LONDON (AlertNet) – A global initiative to rid the world of polio launched an emergency action plan on Thursday because gaps in funding and vaccination coverage threaten to derail a final push towards stamping out the paralysing disease.
The stepped-up effort aims to boost immunisation in Nigeria, Pakistan and Afghanistan - the only three countries in the world where polio remains endemic - to levels needed to stop transmission.
"Polio eradication is at a tipping point between success and failure," said Margaret Chan, director-general of the World Health Organization (WHO), in a statement. "We are in emergency mode to tip it towards success - working faster and better, focusing on the areas where children are most vulnerable."
The plan comes despite a fall in polio cases in the last year and the declaration of India as polio-free in February. New outbreaks in countries that had been free of the disease were nearly all stopped, and the number of polio cases was lower in the first four months of this year than during the same period in any other year.
But cases are still occurring in Nigeria, Pakistan, Afghanistan and Chad, according to the Global Polio Eradication Initiative (GPEI). And outbreaks in recent years in China and West Africa - caused by spillover of the disease from Pakistan and Nigeria respectively - highlight the ongoing threat of resurgence, it said.
Full implementation of the emergency action plan is hindered by a funding gap of around $1 billion through 2013, it added.
"All our efforts are at risk until all children are fully immunised against polio – and that means fully funding the global eradication effort and reaching the children we have not yet reached," said Anthony Lake, executive director of the U.N. Children's Fund (UNICEF).
Poliomyelitis – known commonly as polio – is a highly infectious disease caused by a virus that invades the nervous system and is transmitted via the faecal-oral route. It can cause irreversible paralysis in hours, mainly affecting children under five. There is no cure, but vaccination prevents it.
The GPEI - spearheaded by national governments, the WHO, Rotary International, the US Centers for Disease Control and Prevention (CDC) and UNICEF, and supported by the Bill & Melinda Gates Foundation, among others - said it had moved its operations into emergency mode since the start of the year.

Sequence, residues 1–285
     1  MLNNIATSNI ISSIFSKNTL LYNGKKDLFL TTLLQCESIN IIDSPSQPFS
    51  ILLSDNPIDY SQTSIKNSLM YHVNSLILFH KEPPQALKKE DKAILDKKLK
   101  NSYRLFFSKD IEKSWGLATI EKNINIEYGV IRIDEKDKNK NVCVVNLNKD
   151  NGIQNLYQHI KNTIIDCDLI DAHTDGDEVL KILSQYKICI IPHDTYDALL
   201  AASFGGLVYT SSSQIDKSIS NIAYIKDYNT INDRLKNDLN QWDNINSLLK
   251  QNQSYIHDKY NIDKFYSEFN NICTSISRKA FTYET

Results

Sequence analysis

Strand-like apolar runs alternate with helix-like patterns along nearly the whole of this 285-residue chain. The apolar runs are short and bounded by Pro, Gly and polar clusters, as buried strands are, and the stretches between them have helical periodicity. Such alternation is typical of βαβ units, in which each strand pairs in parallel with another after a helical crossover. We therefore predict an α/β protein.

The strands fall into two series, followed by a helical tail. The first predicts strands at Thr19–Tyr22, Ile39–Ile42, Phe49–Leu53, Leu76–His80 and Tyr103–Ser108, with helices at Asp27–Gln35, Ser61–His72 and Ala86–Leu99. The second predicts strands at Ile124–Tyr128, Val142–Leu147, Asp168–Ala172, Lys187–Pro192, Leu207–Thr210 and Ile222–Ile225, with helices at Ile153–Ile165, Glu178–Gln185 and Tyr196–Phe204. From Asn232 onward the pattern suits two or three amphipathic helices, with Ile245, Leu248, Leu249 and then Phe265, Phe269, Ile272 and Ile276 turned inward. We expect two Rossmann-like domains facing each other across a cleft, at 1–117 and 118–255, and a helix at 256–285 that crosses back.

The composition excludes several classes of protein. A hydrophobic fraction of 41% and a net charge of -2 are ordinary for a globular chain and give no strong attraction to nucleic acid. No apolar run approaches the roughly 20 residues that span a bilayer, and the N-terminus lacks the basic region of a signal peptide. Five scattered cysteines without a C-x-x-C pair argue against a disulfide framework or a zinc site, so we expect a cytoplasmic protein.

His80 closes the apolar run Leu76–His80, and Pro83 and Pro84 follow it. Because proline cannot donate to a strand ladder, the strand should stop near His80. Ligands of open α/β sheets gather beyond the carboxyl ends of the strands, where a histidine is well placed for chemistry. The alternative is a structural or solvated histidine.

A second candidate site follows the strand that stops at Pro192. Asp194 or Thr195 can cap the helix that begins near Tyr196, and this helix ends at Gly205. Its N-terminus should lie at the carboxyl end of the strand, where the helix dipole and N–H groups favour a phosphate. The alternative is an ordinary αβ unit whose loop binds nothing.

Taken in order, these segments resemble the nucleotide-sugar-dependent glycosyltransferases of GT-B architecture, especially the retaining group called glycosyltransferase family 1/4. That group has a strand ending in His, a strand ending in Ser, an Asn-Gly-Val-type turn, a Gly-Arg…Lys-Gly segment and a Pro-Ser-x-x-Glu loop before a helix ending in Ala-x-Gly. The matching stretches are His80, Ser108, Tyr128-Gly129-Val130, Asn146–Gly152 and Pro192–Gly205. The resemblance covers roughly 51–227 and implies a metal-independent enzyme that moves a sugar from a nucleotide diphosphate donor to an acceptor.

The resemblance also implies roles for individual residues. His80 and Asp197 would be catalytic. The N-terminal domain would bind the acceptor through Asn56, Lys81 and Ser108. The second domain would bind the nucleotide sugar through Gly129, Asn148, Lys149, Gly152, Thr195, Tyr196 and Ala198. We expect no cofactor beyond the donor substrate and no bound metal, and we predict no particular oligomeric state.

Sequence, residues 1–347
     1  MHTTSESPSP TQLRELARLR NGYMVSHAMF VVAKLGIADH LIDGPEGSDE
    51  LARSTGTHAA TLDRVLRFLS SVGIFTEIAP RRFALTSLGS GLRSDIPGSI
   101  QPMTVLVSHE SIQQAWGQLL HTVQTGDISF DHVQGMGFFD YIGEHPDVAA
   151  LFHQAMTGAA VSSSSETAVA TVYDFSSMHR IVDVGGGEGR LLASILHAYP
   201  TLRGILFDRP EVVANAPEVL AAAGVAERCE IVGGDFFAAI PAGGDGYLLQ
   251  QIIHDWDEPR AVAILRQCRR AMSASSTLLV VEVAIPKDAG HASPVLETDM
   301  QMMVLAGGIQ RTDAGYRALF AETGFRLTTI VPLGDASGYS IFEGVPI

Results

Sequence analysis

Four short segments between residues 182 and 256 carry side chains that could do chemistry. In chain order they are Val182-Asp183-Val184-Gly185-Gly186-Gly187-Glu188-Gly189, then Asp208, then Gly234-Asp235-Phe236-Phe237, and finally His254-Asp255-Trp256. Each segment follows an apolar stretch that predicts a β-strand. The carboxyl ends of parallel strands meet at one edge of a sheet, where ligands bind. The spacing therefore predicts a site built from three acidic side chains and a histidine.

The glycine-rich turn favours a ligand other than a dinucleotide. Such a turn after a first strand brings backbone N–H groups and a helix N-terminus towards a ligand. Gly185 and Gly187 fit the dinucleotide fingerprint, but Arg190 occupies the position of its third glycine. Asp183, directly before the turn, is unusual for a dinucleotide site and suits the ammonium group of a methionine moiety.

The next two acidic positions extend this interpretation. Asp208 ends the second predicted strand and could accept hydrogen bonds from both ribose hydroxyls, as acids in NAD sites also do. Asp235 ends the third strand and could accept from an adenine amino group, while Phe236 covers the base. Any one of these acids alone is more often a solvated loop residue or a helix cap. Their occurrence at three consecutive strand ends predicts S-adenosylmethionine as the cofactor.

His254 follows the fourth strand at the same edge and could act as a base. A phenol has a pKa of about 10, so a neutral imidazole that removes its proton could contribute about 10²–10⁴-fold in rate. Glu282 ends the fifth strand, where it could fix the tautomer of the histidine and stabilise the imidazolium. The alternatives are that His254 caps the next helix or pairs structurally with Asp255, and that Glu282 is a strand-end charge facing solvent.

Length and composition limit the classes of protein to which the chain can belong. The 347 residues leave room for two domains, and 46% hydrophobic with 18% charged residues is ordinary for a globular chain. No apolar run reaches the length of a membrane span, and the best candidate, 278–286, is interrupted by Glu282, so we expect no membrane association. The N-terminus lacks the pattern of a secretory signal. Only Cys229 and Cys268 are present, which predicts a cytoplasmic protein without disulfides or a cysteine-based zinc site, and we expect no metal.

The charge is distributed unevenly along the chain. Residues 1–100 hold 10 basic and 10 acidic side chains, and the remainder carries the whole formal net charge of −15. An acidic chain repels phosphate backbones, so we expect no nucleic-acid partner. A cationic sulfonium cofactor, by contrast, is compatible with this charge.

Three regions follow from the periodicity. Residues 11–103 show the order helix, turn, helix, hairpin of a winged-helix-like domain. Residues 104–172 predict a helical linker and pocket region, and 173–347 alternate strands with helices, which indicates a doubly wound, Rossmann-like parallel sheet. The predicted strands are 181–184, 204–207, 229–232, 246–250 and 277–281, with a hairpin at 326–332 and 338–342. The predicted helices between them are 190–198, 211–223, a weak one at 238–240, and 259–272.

The global emergency action plan has been developed in coordination with affected countries and builds on India's success.
It will include an intensified focus on problematic areas of Nigeria, Pakistan and Afghanistan to increase vaccination coverage by the end of 2012, and stronger accountability, coordination and oversight to ensure success down to the local level.
It also aims for a surge in technical assistance and social mobilisation to tackle the disease.
“We know polio can be eradicated, and our success in India proves it,” said Kalyan Banerjee, president of Rotary International, a global humanitarian service organisation.
“It is now a question of political and societal will. Do we choose to deliver a polio-free world to future generations, or do we choose to allow 55 cases this year to turn into 200,000 children paralysed for life, every single year?”
In April, Banerjee met with Afghan President Hamid Karzai to offer assistance in applying lessons learned from India where Rotary's advocacy in Muslim communities helped ease cultural misconceptions about the vaccination programme, allowing more children to be immunised.
In 1988, when the GPEI was launched, more than 350,000 children were paralysed each year in more than 125 endemic countries. Since then the incidence of polio has been reduced by more than 99 percent.
Experts say a final push is needed to get rid of the disease completely.
Health ministers meeting at the World Health Assembly in Geneva this week are considering a resolution to declare "the completion of polio eradication to be a programmatic emergency for global public health", in recognition of the urgency of the situation.